These sages who had descended from Shiva's mouth are called Kashyapa, Kausika, Bharadvaja, Gautama and Atreya. All descendants of one sage are members of one eponymous patriline. As per the agamic tradition the Adisaivas ability to serve as priests of Shiva temples is said to have been derived directly from their unique descent from the god himself. This claim has never been questioned.
To perform the public worship in a Lord Siva temple it is not sufficient to be born as an Adisaiva. A man needs to be sanctified and it is known as the acharyabhiseka. Only an Acharya can do the worship and bless other priests. Before a man can be sanctified, he needs to receive the three Shaiva initiations: the 'regular initiation', the 'special initiation' and the 'liberating initiation'.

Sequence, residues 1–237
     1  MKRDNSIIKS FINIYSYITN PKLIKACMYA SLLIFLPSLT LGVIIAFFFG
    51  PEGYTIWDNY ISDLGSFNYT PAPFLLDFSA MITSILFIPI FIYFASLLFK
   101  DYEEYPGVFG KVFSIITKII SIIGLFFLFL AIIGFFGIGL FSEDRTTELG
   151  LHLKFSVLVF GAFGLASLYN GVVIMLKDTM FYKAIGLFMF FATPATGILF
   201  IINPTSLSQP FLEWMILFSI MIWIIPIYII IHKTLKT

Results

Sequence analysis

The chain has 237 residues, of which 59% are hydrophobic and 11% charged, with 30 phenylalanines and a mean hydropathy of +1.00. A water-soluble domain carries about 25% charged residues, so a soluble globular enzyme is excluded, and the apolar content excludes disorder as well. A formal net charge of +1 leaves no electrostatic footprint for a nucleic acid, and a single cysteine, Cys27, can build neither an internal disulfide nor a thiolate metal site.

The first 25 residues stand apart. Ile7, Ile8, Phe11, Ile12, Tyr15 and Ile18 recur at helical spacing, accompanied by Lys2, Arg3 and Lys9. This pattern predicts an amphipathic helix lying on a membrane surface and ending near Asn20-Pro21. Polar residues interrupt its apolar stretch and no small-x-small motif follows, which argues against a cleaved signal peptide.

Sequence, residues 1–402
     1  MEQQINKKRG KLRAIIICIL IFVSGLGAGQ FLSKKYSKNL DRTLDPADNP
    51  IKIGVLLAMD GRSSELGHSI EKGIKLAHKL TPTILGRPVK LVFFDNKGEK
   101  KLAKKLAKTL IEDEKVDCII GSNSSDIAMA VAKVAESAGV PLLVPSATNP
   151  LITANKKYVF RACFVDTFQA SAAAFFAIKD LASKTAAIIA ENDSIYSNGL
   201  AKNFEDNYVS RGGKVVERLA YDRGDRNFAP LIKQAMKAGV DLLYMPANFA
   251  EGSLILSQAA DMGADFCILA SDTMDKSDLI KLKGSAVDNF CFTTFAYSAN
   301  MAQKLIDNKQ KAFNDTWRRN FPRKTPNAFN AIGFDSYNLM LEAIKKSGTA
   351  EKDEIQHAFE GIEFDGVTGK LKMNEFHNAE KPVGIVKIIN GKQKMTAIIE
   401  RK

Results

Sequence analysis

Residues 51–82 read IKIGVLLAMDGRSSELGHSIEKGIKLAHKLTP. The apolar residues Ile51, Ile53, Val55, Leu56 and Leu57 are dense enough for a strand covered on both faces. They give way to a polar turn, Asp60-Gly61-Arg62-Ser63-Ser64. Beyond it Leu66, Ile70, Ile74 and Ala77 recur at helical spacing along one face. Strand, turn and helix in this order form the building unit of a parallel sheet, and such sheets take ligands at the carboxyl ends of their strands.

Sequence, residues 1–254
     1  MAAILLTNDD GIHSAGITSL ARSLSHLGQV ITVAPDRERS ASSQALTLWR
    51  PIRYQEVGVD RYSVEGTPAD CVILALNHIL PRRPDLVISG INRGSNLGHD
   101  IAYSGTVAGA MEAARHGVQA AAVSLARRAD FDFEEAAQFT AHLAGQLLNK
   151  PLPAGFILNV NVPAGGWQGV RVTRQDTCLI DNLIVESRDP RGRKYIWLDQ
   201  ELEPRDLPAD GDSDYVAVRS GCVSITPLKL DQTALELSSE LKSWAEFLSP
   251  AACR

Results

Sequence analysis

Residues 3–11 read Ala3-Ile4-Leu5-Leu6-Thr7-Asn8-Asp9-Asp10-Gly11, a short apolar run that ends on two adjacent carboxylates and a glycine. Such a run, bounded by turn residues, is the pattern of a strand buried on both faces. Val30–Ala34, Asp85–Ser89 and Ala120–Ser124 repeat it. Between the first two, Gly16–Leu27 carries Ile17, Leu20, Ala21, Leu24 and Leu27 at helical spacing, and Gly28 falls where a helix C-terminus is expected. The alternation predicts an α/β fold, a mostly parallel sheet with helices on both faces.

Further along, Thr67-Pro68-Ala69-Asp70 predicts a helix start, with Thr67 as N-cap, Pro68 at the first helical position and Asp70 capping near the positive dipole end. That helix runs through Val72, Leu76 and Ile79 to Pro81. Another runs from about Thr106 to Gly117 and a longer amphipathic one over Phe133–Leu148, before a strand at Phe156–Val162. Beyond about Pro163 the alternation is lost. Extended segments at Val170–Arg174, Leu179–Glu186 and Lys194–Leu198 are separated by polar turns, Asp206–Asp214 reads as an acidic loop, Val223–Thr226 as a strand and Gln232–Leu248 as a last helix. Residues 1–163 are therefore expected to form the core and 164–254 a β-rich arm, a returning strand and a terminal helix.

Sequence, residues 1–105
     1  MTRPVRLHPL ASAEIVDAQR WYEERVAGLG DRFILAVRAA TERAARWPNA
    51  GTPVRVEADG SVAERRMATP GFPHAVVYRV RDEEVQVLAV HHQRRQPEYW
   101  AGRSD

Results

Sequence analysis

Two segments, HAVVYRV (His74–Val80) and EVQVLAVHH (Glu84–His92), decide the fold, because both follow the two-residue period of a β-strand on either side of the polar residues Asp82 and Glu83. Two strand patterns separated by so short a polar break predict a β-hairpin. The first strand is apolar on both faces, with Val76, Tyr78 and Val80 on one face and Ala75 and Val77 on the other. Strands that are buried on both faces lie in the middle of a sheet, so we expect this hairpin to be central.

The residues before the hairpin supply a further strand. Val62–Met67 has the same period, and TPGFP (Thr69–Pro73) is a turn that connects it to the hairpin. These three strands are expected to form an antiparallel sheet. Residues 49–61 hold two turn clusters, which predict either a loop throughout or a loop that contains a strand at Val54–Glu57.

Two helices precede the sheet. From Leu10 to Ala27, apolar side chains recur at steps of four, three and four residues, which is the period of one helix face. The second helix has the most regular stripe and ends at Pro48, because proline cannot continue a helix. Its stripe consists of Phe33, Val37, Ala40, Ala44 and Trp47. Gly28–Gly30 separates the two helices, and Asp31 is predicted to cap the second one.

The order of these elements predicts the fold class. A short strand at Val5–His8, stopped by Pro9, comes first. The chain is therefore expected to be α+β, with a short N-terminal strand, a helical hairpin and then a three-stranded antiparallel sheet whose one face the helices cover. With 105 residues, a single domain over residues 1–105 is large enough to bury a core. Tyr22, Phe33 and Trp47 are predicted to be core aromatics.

The consecration is a simple ceremony, in which the central act is the besprinkling of the beginner with water into which the power of Siva has been invoked by chanting mantras. The god's power is transferred on to the new priest, who can begin to perform the public worship. In the consecration, new priests are publicly displayed as forms of Lord Shiva. The consecration is a public ritual of office that admits a man into the temple priesthood. This function is important at the heart of the agamic initiation rites. Consecration is a ritual that is conducted by the priests to create new priests from their own community. This stresses the fact that they form a self-perpetuating body.
An Adisaiva, who has not been sanctified is in practice in the same position as an ordinary devotee and cannot perform any of the rituals.